Snow hit Southsea pretty hard last night and it snowing again this morning. Good luck to everyone battling the elements to get to work, college, school, etc today. Here are a few photos from last night, if you have any please pop a link to them in the comments, we would love to see them.
Adam Wintle (see more here):
Elizabeth Bick (see more here):
20 years!!!! That has to go in the books as Southsea longest running night? Give or take, most people you bump in to have been to a least one Chaos night, and most spent a grimy late one down the pier dancing like idiots and spilling Newcastle Brown all over the place. I’ve a lot of fond memories of the earlier days at Chaos, mostly after skating and sitting in the pub saying I’m not going. Not this week. Then 8 pints later jumping in a taxi…
If you have any stories or cool photos from Chaos we’d love to see them. Or even some of the old flyers. There have been some pretty interesting designs over the years. I’ll always remember the photo flyer of the kid on the dance floor with a girl and his ‘wandering hands’.
Jay Dunstan got in contact and had this to say:
“To coincide with our 20th Birthday on Saturday 26th November – we’re announcing that this will be the last ever “Chaos”.
Starting in 1991 at South Parade Pier, moving to the Wedgewood rooms in 2008 – we’ve been crowned the South Coasts longest running Independent Club night, winning The Guide Awards “Best club night”, “Best DJs” (x 2) and the promoters Ped & Jay being awarded a special award for contribution to the Portsmouth Music Scene. Chaos has provided Dj’s and club nights at Guilfest, Southsea Fest & Isle of Wight Festivals.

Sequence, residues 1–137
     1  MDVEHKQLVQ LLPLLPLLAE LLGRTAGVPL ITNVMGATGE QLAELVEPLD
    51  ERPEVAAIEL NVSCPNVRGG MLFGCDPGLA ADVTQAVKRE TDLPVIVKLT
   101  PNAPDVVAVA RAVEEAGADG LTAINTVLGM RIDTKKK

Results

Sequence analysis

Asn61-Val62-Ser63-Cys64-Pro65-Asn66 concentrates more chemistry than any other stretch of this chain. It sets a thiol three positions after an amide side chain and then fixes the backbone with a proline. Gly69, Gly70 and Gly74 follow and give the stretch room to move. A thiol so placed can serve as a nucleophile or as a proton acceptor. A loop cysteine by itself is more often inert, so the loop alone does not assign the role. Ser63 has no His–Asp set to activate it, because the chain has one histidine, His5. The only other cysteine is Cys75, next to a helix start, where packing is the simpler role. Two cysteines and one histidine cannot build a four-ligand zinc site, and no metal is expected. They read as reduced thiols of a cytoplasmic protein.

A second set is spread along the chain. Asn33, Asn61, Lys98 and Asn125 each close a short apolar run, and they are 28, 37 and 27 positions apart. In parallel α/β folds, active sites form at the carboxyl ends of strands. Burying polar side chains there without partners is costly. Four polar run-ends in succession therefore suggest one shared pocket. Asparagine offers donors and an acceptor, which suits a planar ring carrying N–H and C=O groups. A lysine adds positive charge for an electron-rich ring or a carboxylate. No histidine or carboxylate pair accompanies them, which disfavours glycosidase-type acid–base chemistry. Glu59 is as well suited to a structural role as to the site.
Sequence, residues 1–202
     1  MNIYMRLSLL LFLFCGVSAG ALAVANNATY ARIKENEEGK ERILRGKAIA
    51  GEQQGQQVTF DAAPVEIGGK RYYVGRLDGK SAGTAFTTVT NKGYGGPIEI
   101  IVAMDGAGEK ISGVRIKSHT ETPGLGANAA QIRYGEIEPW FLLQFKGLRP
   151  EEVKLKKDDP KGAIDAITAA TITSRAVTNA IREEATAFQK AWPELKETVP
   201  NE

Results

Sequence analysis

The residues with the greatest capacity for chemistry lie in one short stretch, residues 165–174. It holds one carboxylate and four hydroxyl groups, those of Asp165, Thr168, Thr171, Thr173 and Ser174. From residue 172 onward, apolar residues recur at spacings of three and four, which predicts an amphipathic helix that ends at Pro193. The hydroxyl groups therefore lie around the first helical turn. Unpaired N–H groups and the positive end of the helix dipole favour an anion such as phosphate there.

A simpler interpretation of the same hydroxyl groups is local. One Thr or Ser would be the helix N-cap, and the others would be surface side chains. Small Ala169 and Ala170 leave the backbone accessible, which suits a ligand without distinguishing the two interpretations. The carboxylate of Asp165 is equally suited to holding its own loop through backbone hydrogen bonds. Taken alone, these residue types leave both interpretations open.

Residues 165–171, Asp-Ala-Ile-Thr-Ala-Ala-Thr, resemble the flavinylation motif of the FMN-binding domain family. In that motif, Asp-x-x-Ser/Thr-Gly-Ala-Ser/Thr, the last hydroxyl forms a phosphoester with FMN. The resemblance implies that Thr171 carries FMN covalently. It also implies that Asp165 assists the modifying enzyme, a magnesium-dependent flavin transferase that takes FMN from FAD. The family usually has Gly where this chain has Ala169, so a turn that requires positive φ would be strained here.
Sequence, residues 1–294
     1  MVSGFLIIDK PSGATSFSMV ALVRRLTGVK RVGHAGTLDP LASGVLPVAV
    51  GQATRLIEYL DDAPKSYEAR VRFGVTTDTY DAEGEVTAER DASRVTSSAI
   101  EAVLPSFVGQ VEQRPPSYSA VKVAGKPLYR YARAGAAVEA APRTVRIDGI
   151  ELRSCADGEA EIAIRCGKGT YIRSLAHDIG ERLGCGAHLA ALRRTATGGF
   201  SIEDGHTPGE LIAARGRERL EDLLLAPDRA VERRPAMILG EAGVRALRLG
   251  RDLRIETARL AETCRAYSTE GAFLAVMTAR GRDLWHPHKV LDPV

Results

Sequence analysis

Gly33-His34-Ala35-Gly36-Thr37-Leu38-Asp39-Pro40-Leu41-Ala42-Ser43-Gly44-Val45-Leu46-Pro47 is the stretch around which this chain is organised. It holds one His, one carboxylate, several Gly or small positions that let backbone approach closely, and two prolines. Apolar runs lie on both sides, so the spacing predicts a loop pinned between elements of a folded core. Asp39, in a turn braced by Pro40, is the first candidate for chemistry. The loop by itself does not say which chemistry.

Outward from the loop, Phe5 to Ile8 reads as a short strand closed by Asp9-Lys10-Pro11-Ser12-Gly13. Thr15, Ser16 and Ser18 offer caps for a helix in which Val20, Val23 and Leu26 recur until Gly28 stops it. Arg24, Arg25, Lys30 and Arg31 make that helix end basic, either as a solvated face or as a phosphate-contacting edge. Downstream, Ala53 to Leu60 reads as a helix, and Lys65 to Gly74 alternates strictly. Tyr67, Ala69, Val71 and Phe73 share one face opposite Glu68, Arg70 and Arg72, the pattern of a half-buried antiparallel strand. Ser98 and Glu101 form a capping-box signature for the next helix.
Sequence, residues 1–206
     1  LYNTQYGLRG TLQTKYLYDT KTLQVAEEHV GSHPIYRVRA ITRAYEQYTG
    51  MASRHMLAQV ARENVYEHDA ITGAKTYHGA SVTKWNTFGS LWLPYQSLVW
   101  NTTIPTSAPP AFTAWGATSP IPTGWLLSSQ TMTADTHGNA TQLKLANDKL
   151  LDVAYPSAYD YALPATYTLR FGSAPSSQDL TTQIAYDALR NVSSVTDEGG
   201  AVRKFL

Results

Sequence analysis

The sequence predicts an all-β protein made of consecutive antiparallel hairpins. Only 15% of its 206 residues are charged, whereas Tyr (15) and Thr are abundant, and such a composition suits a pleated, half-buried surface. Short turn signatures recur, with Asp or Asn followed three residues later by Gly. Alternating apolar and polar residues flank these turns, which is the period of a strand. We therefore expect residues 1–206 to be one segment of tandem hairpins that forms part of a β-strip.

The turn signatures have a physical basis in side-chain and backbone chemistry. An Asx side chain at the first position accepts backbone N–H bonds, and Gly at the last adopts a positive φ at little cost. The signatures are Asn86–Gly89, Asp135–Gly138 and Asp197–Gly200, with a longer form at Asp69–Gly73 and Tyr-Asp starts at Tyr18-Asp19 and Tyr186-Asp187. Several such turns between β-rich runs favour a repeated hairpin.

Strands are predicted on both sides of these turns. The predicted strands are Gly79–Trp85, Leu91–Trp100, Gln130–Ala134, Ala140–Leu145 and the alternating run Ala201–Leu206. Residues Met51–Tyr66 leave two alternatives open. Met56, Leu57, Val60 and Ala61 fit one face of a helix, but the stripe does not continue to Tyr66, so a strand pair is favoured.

Having been a constant in our lives and the Portsmouth clubbing & music scene for 2 decades – Its been a very tough decision to stop the regular club night. But we feel that now is the best time to unplug the speakers for the last time.
Chaos was always quite literally about being ‘alternative’ – alternative in music policy, but also offering an alternative to the traditional and mainstream clubs. Our ethos was always simple – play music we liked, to people to we liked & do it prime time on a Saturday night 52 weeks a year!
Our feeling is that the current scene is very different now and although still loving every element of the gigs, festivals and guitars – a regular club night offering everything we did, now isn’t whats required. Clubbers will always want an alternative, but the music scene is now so split and venues, pubs & clubs are all competing for survival – we felt it was a good opportunity to step back, take a deep breath & raise a glass to rock n roll!
We want to thank everyone who has contributed to the success of Chaos over the last 20 years – venue managers, bar staff & door stewards – sound & light technicians – – street teams – performers & bands and of course the roll call of DJ’s past & present that have provided the soundtrack to so, so, so many silly, drunken and above all fun Saturday nights.
Hey ho, lets go!”
The 20th Birthday & Last EVER Chaos – Saturday 26th November 2011
Flyer: Chaos Flickr